Five things you can do right now to jump start a healthier you
- Schedule an appointment. One of the most important things you can do for your health is to stay on top of your medical appointments. Communication with your doctor is key, and often, the best communication happens face to face during an appointment. Don’t let long wait times for appointments deter you. Remember that old saying, “a bird in hand is better than two in the bush”? A far away appointment that is already made is better than an upcoming appointment that doesn’t exist yet. Learn more about preparing for a doctor’s appointment. Here are some helpful questions to ask your rheumatologist.
- Make a plan to quit smoking. If you smoke, quitting is one of the best ways to improve your health. Scientific studies have shown that smoking worsens and complicates the negative effects of lupus, impacting the entire body. Whatever method you use to quit smoking, you’ll be most successful if you do some prep work and formulate a plan. You can formulate a plan for quitting in less than 20 minutes. Visit smokefree.gov to build a quit plan and access tools and resources specific to quitting.
- Take stock of your mental health. Taking care of your mental health is just as important to your wellbeing as taking care of your physical health. Take a few minutes to learn more about depression and lupus—if you identify with several of the symptoms of clinical depression listed, it’s a good idea to seek support. There are many ways to get the support you need. Depression can be treated, and it’s not a burden you need to carry alone. Whether you begin by talking to your doctor, scheduling an appointment with a counselor or therapist, confiding in a trusted friend, or beginning a journal, the most important first step is to acknowledge and accept your feelings.
- Start lists and check them twice. You know better than anyone else that lupus can be a complex disease. Symptoms are constantly changing, and there are often many medications to manage, not to mention doctor’s appointments. Whether you use your smartphone, computer or pen and paper, it’s important to track all of this information. Consider enlisting the help of a trusted friend or family member if you find the tracking overwhelming.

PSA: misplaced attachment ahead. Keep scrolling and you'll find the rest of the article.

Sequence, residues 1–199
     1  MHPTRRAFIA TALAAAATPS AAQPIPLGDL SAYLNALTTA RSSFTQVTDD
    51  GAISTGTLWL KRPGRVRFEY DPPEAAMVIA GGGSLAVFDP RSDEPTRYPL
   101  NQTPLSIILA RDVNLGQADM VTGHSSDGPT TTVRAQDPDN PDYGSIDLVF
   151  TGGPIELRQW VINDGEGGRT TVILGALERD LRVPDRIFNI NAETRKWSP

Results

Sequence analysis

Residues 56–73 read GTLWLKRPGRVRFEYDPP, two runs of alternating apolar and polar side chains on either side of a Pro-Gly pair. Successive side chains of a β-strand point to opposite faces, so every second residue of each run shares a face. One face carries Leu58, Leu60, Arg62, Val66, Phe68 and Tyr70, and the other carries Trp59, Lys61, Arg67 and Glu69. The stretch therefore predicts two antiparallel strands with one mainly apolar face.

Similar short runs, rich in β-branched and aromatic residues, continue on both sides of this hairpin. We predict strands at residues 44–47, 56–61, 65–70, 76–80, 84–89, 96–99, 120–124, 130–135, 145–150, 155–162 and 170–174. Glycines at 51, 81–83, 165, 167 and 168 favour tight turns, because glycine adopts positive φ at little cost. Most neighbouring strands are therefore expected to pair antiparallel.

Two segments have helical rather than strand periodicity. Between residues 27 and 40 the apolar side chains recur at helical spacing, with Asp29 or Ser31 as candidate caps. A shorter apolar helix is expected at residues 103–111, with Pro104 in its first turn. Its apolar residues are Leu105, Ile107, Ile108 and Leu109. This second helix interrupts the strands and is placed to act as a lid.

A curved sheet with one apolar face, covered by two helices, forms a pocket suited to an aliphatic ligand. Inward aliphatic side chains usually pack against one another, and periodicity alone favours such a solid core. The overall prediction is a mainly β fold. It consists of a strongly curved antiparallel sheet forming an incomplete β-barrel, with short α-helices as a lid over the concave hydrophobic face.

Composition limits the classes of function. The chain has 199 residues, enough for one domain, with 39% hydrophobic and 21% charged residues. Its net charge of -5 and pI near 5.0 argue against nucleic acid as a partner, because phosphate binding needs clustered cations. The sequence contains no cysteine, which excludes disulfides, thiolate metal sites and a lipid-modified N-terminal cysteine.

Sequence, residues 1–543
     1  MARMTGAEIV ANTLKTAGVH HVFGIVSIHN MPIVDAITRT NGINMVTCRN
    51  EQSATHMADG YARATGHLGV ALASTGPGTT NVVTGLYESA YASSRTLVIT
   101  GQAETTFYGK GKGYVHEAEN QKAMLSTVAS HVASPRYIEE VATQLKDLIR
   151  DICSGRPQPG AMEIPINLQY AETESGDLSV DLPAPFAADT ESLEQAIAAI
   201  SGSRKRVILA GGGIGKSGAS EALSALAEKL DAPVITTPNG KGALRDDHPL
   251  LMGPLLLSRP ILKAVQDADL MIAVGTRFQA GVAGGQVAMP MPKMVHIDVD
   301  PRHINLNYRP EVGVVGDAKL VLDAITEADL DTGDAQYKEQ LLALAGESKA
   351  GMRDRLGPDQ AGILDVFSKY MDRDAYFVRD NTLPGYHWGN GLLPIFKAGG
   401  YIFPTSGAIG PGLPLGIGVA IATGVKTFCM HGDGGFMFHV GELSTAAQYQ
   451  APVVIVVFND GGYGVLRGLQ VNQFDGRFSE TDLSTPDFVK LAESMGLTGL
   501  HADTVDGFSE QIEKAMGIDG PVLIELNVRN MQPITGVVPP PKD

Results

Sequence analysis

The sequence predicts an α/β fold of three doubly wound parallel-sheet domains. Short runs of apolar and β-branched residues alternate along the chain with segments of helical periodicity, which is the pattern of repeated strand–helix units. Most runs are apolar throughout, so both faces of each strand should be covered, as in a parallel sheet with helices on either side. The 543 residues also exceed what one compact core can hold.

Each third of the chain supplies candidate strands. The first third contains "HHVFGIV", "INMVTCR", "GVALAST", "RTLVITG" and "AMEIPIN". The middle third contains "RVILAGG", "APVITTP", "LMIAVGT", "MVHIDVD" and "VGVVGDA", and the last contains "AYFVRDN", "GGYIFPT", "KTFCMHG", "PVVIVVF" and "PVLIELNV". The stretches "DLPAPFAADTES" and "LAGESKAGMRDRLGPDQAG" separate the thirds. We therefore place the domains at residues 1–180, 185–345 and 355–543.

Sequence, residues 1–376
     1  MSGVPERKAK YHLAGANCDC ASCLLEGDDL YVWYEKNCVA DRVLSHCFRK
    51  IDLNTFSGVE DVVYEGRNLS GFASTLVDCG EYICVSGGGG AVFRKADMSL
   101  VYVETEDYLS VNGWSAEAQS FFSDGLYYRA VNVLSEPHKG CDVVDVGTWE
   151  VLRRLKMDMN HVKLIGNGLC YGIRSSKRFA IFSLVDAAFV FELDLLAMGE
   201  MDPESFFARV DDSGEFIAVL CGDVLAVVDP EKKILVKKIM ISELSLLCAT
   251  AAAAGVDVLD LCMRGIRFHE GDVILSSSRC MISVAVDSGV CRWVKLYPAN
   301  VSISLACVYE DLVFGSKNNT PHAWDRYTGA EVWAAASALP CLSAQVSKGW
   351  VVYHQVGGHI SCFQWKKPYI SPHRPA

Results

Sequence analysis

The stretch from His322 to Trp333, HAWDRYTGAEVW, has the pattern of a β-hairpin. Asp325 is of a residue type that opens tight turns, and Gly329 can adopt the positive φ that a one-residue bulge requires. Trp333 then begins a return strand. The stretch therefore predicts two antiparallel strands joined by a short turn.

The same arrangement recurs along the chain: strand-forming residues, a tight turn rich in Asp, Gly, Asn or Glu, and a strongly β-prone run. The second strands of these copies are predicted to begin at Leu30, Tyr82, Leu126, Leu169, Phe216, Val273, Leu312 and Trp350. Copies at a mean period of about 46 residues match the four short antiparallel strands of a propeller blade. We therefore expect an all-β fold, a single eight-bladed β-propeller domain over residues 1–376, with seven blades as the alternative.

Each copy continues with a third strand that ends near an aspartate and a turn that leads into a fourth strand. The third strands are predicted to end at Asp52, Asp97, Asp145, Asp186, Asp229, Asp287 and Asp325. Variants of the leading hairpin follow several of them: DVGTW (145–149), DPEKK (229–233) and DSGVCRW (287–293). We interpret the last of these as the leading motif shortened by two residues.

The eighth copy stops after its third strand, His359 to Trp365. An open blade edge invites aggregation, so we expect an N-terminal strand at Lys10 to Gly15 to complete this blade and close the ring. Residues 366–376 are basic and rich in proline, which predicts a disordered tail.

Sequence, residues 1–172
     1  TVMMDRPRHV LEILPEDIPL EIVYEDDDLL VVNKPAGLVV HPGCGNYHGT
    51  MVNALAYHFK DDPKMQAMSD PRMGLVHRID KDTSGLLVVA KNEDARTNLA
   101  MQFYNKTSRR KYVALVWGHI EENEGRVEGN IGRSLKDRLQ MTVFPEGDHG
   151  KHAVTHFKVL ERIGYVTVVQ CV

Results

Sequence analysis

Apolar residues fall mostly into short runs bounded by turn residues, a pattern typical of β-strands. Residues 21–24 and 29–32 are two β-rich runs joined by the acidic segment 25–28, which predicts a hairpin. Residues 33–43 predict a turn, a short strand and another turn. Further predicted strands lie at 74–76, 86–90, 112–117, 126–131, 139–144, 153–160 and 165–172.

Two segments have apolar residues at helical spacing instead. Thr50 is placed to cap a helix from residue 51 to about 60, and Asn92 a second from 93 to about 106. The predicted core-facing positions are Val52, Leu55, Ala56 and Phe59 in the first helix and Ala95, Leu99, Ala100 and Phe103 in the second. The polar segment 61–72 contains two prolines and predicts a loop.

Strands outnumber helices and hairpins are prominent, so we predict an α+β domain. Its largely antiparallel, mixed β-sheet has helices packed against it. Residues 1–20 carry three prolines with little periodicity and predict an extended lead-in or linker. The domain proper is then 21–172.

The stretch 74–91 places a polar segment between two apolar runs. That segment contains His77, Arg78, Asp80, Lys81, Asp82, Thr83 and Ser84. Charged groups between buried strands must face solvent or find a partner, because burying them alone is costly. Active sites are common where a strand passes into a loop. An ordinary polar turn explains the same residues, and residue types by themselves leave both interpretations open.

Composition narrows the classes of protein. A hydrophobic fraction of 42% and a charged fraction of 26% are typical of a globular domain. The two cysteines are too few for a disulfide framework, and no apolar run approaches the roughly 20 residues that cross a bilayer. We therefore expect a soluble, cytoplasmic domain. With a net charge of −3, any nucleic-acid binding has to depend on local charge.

- Give yourself permission to say no. Saying “no” isn’t easy, whether you are saying no to a task you have set for yourself or to one that someone else may be expecting from you. Nevertheless, it’s one of the most valuable skills you can learn for your overall health and happiness because it gives you the ability to take time for yourself. Not only does this allow you to get the critical rest that your body needs, but it opens a space for you to listen to your body and your thoughts so you can learn when to push yourself and when to take a break.
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About the Author
Sarah Gilman, MPH, CHES
Owner, Wayfinder Health Strategies
As a health educator, Sarah develops programs and materials that help people understand and learn to live well with lupus and other chronic diseases. Read Bio
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